Blinded by professional pride and prejudice, the dominant school as a whole has ignored the principle clearly enunciated by Hahnemann a century ago and demonstrated by him and his successors continuously ever since.
In no, profession, perhaps, has been so little openmindedness, so little of the impersonal, so little of the true scientific spirit, as in medicine. Few indeed have there been, in either school, who could rise above the petty personal and professional jealousies which have hampered them, into the freedom of the higher, impersonal realm of pure science. The controversial spirit, rather than the scientific spirit, has ruled too largely on both sides.
In one respect, as lest, the leaders of the old school a in perfect accord with the followers of Hahnemann, who have always maintained that the use of drugs in the treatment of disease except in minimum doses and in accordance with the law of similars is both useless and injurious.
One of the first and most important truths taught the homoeopathic students is that drugs, in crude form and ordinary so – called physiological doses, have the power to make even well people sick. It is demonstrated by the pathogenetic record of every drug in our materia medica. How much more injurious drugs are to sick persons, with their lower power of resistance and increased irritability, might easily be inferred theoretically, if the comparative mortality rates did not continually furnish proof or their deadly influence and make such inferences superfluous.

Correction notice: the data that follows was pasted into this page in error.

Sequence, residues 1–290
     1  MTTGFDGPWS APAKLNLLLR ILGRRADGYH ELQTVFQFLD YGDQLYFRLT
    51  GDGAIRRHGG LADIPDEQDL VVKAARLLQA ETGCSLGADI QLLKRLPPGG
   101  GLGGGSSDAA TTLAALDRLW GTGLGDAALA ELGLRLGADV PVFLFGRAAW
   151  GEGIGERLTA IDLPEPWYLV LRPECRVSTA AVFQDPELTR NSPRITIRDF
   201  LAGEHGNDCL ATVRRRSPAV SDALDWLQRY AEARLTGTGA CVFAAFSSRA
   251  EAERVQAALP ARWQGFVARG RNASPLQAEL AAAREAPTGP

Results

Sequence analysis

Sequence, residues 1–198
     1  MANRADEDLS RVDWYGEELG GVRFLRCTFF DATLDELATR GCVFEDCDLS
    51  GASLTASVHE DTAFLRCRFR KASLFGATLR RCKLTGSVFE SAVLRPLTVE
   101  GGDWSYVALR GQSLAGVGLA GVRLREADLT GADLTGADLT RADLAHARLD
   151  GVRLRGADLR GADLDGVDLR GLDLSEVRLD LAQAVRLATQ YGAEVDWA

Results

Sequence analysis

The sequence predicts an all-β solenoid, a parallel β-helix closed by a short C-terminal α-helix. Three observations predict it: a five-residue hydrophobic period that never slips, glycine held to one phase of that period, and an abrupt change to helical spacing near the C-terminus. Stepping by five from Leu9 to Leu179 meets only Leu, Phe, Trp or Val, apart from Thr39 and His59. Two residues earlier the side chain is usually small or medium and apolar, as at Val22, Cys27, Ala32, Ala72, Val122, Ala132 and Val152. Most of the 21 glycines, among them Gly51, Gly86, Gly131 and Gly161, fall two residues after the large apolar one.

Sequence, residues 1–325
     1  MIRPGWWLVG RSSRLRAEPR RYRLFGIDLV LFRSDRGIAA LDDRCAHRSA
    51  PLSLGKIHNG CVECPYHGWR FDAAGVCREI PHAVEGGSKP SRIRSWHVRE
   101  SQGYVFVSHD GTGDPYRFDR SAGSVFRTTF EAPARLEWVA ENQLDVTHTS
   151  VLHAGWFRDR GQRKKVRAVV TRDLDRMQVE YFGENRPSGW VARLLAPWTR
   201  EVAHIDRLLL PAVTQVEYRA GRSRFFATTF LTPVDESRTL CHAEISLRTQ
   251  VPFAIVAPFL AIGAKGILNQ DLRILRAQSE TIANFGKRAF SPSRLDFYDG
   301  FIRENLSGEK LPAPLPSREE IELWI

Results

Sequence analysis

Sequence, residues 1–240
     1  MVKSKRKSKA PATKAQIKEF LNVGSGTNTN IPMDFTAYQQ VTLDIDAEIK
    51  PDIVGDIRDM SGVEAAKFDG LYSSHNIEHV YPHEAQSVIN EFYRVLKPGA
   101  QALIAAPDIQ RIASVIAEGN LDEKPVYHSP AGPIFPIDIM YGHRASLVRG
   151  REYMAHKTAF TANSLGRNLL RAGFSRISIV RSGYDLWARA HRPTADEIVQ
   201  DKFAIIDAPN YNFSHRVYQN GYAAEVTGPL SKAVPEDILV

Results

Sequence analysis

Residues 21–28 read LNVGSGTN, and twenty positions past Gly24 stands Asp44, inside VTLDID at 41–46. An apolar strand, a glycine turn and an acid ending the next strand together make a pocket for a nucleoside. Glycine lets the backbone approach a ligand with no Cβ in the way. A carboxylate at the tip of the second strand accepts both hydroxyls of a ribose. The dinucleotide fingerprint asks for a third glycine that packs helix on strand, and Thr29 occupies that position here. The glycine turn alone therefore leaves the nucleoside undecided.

There have been signs of a beginning change of base in the ranks of the dominant school of medicine within the last few years. The wide acceptance and practice of serum and vaccine therapy, the hospitality of many of its advocates to the suggestion that the underlying principle of this form of treatment is analogous to, if indeed it be not the actual homoeopathic principle, tends to show a more tolerant spirit toward the acceptance of the idea of a general therapeutic principle governing the curative action of the drugs in all diseases by medication.
General medicine has made great advances since the days of Hahnemann; notably in the sciences of biology, physiology, pathology and bacteriology. Research and discovery in these fields have revealed facts which not only tend to confirm, but to elucidate the essential principles of Homoeopathy. This has not escaped the notice of certain of the leaders in the dominant school of medicine, although, for obvious reasons they prefer not to enlarge upon it publicly. Having made and announced an important discovery in medical science, it is not flattering to ones vanity to be shown that the essential points of the discovery were made, announced and put to use more than a century ago, by one who has been help up to obloquy and scorn by a large part of the profession ever since.